Be Who You Are: Moving Past Trauma

Photo Credit: Teresa Y Green

Like many people, I’ve had traumas in my life. The specific type of trauma is not important for this post, and I lived through them, worked through the pain, and came out the other side a strong woman. But it left scars, and one of the scars was not knowing who I was–knowing my personality instead of my shields.

I sometimes think I’m a walking feeling. It’s not that I cannot think logically, I just feel first, then think about it. I have fought this part of my personality for most of my life. Feeling is dangerous in a traumatic situation. It leaves you vulnerable to pain, both yours and that of the people around you. Feelings make it hard to rationally analyze a physically or emotionally dangerous situation and get yourself to safety. Feelings make you react, when you need to be in charge of your actions.

But feelings also inform all the good things in life. The joy of love, of friendship, or something beautiful–you cannot analyze the way it feels to have a loved one take your hand and get the most out of it. At least I cannot. Even hard feelings, like anger and sadness, have a good place. Anger fuels action, and directed properly, it leads to appropriate self-defense. Sadness allows you to sift through events and relationships, and know what to keep and what to release.

The degree to which I neglected my feeling side in my youth came to me recently when I read a poem. When I was younger, I had a hard time with poetry, especially the best poetry, which layers visceral images to create a feeling. I loved complete sentences. I liked Emerson over Whitman. I disliked songs with lyrics that didn’t make a coherent story. When I got married, my husband introduced me to poetry with feeling–disjointed phrases that teased my subconscious, that spoke in whirling scenes instead of paragraphs, that I felt in my body instead of dissecting in my mind. 

It took a few years, but gradually I integrated the two. Embracing my feeling side along with my thinking side has made me a more whole person. I do not have to second-guess my reactions as often, because I am not approaching life while hiding half of myself.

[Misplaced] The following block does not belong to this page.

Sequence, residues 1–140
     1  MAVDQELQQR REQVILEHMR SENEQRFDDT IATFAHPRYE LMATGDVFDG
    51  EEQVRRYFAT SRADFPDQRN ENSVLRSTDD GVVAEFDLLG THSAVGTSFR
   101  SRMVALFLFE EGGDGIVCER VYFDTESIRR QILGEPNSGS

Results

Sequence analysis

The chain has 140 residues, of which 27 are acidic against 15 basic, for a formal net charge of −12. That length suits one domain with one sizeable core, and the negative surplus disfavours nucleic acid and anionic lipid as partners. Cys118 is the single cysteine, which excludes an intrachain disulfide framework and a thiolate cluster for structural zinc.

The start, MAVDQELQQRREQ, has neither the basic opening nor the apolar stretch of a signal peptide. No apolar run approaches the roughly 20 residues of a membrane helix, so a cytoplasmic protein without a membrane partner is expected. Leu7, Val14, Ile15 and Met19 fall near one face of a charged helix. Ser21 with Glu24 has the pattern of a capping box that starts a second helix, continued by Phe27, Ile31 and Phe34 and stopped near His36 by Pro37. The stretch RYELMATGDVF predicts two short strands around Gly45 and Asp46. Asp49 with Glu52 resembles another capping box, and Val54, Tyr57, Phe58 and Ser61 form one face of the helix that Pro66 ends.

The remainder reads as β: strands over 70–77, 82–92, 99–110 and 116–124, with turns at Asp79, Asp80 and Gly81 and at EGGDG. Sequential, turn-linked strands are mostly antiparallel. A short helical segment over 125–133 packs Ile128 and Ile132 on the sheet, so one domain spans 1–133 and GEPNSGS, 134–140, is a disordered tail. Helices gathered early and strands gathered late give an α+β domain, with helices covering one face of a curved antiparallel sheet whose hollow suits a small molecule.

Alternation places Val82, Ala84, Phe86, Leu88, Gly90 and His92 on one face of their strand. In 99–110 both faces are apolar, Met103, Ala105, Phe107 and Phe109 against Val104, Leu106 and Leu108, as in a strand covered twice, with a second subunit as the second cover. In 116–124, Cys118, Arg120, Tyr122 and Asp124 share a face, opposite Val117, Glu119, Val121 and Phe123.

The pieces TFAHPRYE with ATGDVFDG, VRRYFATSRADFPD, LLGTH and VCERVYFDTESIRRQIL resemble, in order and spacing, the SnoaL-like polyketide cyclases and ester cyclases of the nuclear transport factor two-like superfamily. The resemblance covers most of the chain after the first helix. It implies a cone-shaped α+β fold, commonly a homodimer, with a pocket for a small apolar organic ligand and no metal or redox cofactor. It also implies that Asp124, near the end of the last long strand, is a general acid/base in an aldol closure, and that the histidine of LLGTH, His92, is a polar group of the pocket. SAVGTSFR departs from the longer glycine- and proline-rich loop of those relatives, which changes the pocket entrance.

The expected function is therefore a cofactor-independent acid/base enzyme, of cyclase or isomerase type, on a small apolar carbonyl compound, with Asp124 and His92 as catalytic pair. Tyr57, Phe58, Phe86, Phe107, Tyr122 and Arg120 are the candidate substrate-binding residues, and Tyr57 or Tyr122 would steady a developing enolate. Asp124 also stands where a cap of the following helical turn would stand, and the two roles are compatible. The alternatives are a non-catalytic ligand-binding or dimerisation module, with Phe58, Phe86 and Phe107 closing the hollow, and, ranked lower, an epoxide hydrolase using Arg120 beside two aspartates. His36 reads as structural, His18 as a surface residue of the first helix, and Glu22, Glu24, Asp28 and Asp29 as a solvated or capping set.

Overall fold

Part of acknowledging your whole self is learning to be honest. When you live through trauma, especially as a child, or for a long time, you learn to hide the scary parts of life from yourself and others. You learn to be ashamed of your circumstances. So you lie–if not in word, then in deed. You pretend things that bother you really don’t; you let people believe you are in control of life when you aren’t, and you deny vulnerability at every turn.

The energy you spend lying keeps you from seeing the truth. Most things that bother or irritate you are not the big deals you make them in your mind–and the ones that are completely unacceptable are usually easy to solve once you get past the initial terror of upsetting someone. When you spend a lifetime pretending to be in control, you never see that no one is completely in control of life–by its nature, life is uncontrollable. We all learn on the job, so to speak–some people are just able to walk an unknown path with confidence, others have to learn confidence by tiptoeing into new things. And it is only in our vulnerability that we really grow and live. Acknowledging you have something to lose makes life precious–pretending you are impervious to harm locks you away from everything that gives life wonder and awe and fun.

In Chinese medicine, we talk about “pathogens” that sometimes get caught inside of the body and can’t escape. Illnesses like malaria, strep throat, and shingles are sometimes described as “an evil” that gets into your body, and then your body clamps down to protect itself, and the evil cannot get out. So you may recover, but the symptoms recur, over and over. You may never fully expel the pathogen, but you can learn to build your system, deal with physical and emotional things that stress you, and get appropriate help from the outside in the forms of herbs and acupuncture, you can greatly improve. The same is true for recovery from trauma. Few people completely lose every effect of a traumatic event. But if you reach out to professionals and others who have walked the same path, learn to use proper self-care, and address the things weighing you down in life, you can get better.